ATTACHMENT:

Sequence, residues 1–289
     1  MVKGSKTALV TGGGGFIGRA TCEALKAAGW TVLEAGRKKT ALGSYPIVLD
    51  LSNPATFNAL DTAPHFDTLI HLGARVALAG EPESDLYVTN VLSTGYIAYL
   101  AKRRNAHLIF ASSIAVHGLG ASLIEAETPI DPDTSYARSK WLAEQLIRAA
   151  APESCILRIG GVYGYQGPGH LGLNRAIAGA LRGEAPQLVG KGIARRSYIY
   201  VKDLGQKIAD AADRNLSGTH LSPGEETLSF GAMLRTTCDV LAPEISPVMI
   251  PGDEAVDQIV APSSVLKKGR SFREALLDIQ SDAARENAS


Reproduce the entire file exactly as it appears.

Sequence, residues 1–289
     1  MVKGSKTALV TGGGGFIGRA TCEALKAAGW TVLEAGRKKT ALGSYPIVLD
    51  LSNPATFNAL DTAPHFDTLI HLGARVALAG EPESDLYVTN VLSTGYIAYL
   101  AKRRNAHLIF ASSIAVHGLG ASLIEAETPI DPDTSYARSK WLAEQLIRAA
   151  APESCILRIG GVYGYQGPGH LGLNRAIAGA LRGEAPQLVG KGIARRSYIY
   201  VKDLGQKIAD AADRNLSGTH LSPGEETLSF GAMLRTTCDV LAPEISPVMI
   251  PGDEAVDQIV APSSVLKKGR SFREALLDIQ SDAARENAS